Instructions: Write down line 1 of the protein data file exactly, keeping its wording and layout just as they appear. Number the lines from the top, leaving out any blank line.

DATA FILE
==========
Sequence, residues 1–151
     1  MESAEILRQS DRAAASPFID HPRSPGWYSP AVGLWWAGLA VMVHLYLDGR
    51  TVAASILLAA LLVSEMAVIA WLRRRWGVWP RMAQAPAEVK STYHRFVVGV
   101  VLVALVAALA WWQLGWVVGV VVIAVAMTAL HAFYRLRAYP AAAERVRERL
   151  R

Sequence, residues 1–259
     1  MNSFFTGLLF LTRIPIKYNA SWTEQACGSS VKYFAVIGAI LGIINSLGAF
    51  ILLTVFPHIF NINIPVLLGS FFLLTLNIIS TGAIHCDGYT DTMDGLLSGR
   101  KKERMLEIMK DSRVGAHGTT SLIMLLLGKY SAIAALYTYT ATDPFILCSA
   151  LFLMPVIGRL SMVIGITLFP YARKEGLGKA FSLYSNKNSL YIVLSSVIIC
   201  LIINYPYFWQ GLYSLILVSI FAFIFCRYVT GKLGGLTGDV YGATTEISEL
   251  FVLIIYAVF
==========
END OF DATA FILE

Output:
Sequence, residues 1–151